The Whitney Museum of American Art announced that the 2014 Whitney Biennial will take a bold new form with three curators from outside the Museum offering their unique perspectives on the state of contemporary art in the United States. While past Biennials have been organized collectively by multiple curators, for this edition each curator will oversee one floor of the exhibition. The Museum has selected Stuart Comer, Anthony Elms, and Michelle Grabner to represent a range of geographic vantages and curatorial methodologies. Whitney curators Elisabeth Sussman and Jay Sanders, who were responsible for the widely praised 2012 Biennial, will act as advisors on the project. The exhibition has come to be regarded as the Museum’s signature survey of contemporary American art; the next Biennial goes on view at the beginning of March 2014. It will be the 77th in the Museum’s ongoing series of Annual and Biennial exhibitions, inaugurated in 1932 by Gertrude Vanderbilt Whitney.
Donna De Salvo, Chief Curator and Deputy Director for Programs at the Whitney, noted: “We chose to make the last Biennial in the Breuer building before our move downtown an experiment with a new curatorial structure. By flinging open the Museum’s doors metaphorically, we hope to create a platform in which voices from outside the Whitney can enliven the conversation around contemporary art in the United States. Hailing from Chicago, Philadelphia, and London, each curator will bring a personal approach to the process, creating an exciting mix of emerging and established artists that is the Biennial’s hallmark.”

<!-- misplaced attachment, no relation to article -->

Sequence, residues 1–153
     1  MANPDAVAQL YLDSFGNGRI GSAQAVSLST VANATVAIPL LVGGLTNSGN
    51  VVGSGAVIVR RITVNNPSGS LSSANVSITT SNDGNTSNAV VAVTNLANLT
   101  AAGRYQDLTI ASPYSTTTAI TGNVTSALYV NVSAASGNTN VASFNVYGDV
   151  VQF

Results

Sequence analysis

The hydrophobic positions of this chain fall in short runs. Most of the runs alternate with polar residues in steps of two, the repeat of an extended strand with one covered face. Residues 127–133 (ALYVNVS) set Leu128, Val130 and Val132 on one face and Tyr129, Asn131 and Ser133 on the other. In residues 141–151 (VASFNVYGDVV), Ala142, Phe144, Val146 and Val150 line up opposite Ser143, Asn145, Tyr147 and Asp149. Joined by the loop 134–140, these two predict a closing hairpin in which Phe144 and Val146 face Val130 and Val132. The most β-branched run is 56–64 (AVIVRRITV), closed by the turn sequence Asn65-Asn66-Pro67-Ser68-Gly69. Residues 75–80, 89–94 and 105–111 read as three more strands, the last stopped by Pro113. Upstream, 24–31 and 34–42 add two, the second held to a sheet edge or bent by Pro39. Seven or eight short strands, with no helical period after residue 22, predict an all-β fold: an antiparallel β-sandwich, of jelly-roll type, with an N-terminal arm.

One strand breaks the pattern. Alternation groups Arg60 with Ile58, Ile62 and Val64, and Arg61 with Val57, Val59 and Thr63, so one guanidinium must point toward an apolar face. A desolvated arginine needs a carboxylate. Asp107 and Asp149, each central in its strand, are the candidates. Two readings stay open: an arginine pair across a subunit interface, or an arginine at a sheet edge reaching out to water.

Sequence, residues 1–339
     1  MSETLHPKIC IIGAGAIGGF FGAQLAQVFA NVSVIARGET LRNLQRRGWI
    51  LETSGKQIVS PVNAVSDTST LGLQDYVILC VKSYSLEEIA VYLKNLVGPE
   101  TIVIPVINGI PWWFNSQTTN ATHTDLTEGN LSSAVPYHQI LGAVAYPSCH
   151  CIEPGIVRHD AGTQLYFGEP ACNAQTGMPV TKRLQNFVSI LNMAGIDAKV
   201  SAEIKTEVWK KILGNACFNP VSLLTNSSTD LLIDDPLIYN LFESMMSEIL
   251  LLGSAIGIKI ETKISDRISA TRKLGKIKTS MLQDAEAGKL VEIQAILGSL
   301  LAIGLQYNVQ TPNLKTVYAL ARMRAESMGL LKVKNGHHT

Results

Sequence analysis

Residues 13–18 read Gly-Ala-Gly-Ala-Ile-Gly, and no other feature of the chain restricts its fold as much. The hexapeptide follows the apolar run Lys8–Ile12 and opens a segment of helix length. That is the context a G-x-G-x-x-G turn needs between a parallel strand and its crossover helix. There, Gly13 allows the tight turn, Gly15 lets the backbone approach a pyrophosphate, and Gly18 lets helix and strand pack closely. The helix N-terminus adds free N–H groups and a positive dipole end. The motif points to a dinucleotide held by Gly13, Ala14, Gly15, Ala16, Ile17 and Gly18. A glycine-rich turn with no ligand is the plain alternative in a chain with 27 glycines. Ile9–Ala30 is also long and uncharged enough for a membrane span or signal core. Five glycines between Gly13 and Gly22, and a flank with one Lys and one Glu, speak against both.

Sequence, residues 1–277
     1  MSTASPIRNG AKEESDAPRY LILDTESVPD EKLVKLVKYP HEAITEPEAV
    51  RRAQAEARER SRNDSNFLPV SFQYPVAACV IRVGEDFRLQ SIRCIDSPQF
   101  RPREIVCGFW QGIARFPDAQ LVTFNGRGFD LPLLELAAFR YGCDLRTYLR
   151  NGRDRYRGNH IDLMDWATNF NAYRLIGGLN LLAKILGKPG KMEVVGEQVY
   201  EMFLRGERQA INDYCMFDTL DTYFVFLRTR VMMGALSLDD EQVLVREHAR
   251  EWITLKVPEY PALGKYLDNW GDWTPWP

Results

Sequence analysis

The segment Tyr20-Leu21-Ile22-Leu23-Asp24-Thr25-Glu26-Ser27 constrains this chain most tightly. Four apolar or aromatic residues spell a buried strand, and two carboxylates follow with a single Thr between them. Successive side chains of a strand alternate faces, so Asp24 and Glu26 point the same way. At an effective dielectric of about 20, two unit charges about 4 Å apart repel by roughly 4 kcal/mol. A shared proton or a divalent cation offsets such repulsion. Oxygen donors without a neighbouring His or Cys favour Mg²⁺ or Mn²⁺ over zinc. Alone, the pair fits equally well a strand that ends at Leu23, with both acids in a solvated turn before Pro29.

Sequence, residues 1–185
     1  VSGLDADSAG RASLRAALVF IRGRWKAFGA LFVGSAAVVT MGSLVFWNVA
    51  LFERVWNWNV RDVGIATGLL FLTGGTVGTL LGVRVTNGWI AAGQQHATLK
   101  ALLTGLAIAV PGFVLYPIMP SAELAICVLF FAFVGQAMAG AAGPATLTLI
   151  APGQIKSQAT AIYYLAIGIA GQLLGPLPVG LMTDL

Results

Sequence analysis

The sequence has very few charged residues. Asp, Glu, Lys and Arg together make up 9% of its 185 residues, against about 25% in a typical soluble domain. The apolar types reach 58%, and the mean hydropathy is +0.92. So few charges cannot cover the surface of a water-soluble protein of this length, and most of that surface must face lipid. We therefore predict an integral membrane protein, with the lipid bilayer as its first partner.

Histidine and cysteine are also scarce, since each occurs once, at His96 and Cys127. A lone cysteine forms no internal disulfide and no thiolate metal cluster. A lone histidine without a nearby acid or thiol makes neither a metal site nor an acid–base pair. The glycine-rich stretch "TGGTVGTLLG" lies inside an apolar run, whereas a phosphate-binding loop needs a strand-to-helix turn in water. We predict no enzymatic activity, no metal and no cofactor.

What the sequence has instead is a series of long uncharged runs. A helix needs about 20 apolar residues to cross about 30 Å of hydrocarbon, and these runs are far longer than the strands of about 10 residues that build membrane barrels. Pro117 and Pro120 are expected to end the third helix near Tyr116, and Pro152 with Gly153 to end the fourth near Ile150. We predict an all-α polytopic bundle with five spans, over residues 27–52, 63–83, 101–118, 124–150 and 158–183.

The list of artists in the exhibition will be released at the end of 2013.
About the Curators
Stuart Comer is Curator: Film at Tate Modern, London. He oversees film and video work for the Tate Collection and Displays, was co-curator for the opening season of The Tanks at Tate Modern, and organizes an extensive program of screenings, performances and events. He has contributed to numerous periodicals, including Artforum, Frieze, Afterall, Mousse, Parkett and Art Review. He is editor of Film and Video Art (Tate Publishing, 2009) and has contributed essays to several publications on artists including Tom Burr, Andrea Fraser, David Lamelas, Sharon Lockhart, Mark Morrisroe, Bik Van Der Pol and Gillian Wearing, among others. Comer was a co-curator of the 2007 Lyon Biennial. Other recent freelance curatorial projects include Andy, as you know I am writing a movie… at Beirut Art Center, The Young and Evil for tank.tv, An American Family at Kunstverein Munich and CASCO, Utrecht; America’s Most Wanted for The Artists’ Cinema at Frieze Art Fair, London; and Double Lunar Trouble at Whitechapel Art Gallery, London. Comer has participated in symposia, talks and events at numerous international venues. He sits on the board of Film London and has been a member of juries for CPH:DOX 2012, the 2011 Venice Film Festival, the 2006 BFI Sutherland Trophy at The Times BFI 50th London Film Festival, the International Jury for the Oberhausen 52nd International Short Film Festival in 2006, and the inaugural Magic of Persia Contemporary Art Prize in 2009. He has chaired the Derek Jarman Award for artists’ film and video since its inaugural year in 2008.